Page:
In many of these watercolours and etchings, a Japanese influence is evident in her depiction of sprays of blossom, pendant fruit or insect-ravaged leaves. The exquisite quality of these studies brought Airy much critical appreciation and they were frequently reproduced in publications such as Colour and The Studio. The latter, in June 1915, devoted a five-page illustrated article to them.
Airy's high public profile by the outbreak of the First World War led to her being one of the few women chosen to be a war artist. Her first commission was from the Canadian War Memorials Fund Committee. Cook-house, Witley Camp (now in the Beaverbrook Collection of War Art, Canadian War Museum) was the result.
More important, was the subsequent commission Airy received from the Munitions Committee of the Imperial War Museums. This was to produce four large-scale paintings depicting munitions workers involved in various aspects of heavy industry pivotal to the war effort.
Particularly striking is Airy's painting of the vast interior of the Singer Manufacturing Company in Glasgow which had changed from producing sewing machines to manufacturing the high-calibre artillery shells employed on the Western Front. The accuracy with which Airy depicts the complicated factory infrastructure well displays her understanding of the shell manufacturing process. The muted colours and subdued light filtering through the factory roof emphasise the grim nature of the work undertaken by the mostly female employees.
Women Working in a Gas Retort House was Airy's final war commission from the Women's Work Sub-Committee. The clouds of white smoke and orange and yellow flames leaping out from the furnace on the left of the painting dramatically portray the harsh conditions under which these workers laboured to produce gas from heated coal.
Following the war, during the 1920s and 1930s, Airy's complex figure compositions assumed a more playful air, many with a rural theme. Children Blackberrying is a typical example. Airy also continued to paint portraits, some commissioned and others for personal interest as is the case with the pensive portrait of Greta – a young woman on the verge of adult life.
In Interior with Mrs Charles Burnard Airy's interest has shifted from sitter to the light and reflections handled in this composition.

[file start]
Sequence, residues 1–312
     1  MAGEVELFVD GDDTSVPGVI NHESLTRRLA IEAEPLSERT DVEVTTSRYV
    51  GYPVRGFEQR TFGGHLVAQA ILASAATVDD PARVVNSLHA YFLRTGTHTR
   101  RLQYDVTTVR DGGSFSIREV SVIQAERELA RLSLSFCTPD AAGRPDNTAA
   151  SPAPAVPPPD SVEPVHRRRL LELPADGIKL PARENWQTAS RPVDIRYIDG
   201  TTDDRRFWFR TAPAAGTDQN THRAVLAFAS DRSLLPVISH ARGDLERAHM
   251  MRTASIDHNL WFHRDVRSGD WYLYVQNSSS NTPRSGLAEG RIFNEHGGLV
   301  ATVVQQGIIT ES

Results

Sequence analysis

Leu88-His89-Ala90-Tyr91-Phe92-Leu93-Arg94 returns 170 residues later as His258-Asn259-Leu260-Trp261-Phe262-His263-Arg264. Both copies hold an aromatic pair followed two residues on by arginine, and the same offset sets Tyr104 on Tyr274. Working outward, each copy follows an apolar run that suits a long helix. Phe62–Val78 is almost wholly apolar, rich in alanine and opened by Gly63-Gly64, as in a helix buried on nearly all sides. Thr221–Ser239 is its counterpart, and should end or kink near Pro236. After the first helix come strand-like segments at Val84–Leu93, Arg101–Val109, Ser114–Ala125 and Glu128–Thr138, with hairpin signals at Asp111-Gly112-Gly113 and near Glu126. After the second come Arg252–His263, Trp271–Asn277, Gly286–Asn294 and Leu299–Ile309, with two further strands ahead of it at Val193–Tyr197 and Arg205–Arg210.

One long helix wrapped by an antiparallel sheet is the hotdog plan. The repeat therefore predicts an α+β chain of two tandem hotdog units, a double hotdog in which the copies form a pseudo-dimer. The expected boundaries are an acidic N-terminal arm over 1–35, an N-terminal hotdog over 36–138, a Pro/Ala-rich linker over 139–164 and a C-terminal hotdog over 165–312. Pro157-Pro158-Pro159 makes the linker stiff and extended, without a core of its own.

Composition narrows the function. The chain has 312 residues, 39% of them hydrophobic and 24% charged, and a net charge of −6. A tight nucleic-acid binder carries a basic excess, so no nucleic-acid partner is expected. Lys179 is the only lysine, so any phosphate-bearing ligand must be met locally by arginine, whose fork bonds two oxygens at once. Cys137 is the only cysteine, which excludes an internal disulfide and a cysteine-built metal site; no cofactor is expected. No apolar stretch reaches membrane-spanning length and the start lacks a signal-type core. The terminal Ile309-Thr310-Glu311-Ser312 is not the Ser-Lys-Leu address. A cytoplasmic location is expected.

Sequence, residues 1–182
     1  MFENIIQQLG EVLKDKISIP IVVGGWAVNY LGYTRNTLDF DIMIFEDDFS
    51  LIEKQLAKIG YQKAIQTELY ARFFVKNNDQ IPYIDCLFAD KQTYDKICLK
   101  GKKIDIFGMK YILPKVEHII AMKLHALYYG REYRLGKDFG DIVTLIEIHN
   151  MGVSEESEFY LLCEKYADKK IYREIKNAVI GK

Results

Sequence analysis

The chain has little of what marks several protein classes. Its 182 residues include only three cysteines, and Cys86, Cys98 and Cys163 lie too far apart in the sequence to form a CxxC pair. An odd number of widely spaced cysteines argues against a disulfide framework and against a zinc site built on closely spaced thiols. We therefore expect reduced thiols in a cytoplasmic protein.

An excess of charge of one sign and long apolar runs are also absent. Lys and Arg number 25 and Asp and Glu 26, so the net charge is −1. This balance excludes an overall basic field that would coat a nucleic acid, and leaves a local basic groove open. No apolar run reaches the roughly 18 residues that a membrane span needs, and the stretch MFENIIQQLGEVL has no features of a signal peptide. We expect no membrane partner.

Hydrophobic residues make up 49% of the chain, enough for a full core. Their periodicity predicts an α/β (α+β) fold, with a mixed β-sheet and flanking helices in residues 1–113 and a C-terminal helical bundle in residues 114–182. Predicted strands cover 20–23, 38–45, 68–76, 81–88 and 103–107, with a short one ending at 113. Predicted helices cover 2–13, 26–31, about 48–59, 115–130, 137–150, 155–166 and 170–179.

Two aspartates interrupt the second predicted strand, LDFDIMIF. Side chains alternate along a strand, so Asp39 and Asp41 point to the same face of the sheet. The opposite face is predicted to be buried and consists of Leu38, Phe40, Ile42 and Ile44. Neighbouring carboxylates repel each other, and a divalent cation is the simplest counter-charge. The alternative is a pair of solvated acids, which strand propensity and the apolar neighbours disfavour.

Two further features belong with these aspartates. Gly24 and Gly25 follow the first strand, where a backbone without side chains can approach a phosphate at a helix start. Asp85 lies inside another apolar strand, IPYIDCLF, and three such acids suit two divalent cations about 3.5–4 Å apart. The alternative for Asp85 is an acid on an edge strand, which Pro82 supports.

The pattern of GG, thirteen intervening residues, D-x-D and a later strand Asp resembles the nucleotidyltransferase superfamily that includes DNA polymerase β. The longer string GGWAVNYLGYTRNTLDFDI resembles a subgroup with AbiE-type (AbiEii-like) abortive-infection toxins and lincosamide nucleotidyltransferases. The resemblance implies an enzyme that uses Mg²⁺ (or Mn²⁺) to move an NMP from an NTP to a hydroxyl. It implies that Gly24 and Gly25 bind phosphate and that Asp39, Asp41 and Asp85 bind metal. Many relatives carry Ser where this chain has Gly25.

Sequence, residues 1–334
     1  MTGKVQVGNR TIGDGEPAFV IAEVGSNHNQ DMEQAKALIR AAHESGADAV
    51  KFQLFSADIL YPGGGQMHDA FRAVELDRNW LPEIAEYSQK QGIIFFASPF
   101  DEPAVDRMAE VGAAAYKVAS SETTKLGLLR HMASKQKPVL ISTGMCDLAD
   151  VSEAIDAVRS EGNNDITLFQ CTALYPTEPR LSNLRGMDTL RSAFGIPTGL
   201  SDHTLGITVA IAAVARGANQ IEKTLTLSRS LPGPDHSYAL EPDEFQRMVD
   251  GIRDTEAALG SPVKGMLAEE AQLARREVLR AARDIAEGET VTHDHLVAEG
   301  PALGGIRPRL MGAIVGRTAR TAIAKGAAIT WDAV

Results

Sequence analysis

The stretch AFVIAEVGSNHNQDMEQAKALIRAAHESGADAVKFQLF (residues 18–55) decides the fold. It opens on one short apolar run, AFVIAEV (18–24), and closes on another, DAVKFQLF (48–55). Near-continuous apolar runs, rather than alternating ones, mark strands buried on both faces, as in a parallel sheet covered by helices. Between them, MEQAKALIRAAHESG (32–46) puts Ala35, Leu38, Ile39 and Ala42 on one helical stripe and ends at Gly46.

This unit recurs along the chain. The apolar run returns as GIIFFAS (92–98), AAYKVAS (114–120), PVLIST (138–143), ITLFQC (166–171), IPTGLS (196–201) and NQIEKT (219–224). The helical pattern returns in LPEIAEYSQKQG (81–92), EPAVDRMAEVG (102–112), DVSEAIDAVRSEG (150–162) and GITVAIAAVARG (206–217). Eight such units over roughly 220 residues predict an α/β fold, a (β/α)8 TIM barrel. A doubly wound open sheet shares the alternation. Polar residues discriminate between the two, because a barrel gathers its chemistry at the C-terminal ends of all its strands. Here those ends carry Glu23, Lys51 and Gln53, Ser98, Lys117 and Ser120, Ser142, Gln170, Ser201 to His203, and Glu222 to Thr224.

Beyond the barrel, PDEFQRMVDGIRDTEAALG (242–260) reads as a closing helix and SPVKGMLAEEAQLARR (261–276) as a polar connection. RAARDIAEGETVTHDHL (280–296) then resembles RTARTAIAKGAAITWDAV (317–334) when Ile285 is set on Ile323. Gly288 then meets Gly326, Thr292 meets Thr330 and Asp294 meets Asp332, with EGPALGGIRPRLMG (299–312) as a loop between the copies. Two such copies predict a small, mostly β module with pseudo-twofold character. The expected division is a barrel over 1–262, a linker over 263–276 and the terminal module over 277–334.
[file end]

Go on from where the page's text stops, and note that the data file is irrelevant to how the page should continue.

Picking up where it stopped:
Airy's enjoyment in the sheer technicality of representing such reflections led during the 1930s to atmospheric virtuoso paintings such as July Piece.
In 1933 Airy and her husband left London to live permanently in the Suffolk village of Playford near Ipswich. Despite comparative isolation, Airy continued to exhibit both nationally and internationally with continuing commercial success. For example, Message of May sold for the highest price at the 1938 RA Summer Exhibition (800 guineas) – a considerable sum at the time.
In 1943 Airy held a highly successful solo exhibition in Ipswich (her thirteenth). Two years later she was elected as the first female President of the Ipswich Art Society and became highly influential in that role. Local residents recall her 'brilliant and inspirational' teaching, an activity that she had always enjoyed and which led to her writing two practical guides – The Art of Pastel (1930) and Making a Start in Art (1951). In these, she defined the creative process as 'a subtle and sensitive feeling... primarily and irrevocably based on Nature and Truth.'
It seems unjust that the work of Anna Airy – who assiduously and successfully devoted her career to the painting of such 'Nature and Truth', and at a time when there were few celebrated women artists – is so little known and appreciated. As the mainstream story of twentieth-century British art grows broader, and with a growing appreciation of traditionalist approaches, it might be hoped that the time has now come for a major retrospective of Airy's work.
Alison Thomas, freelance writer and curator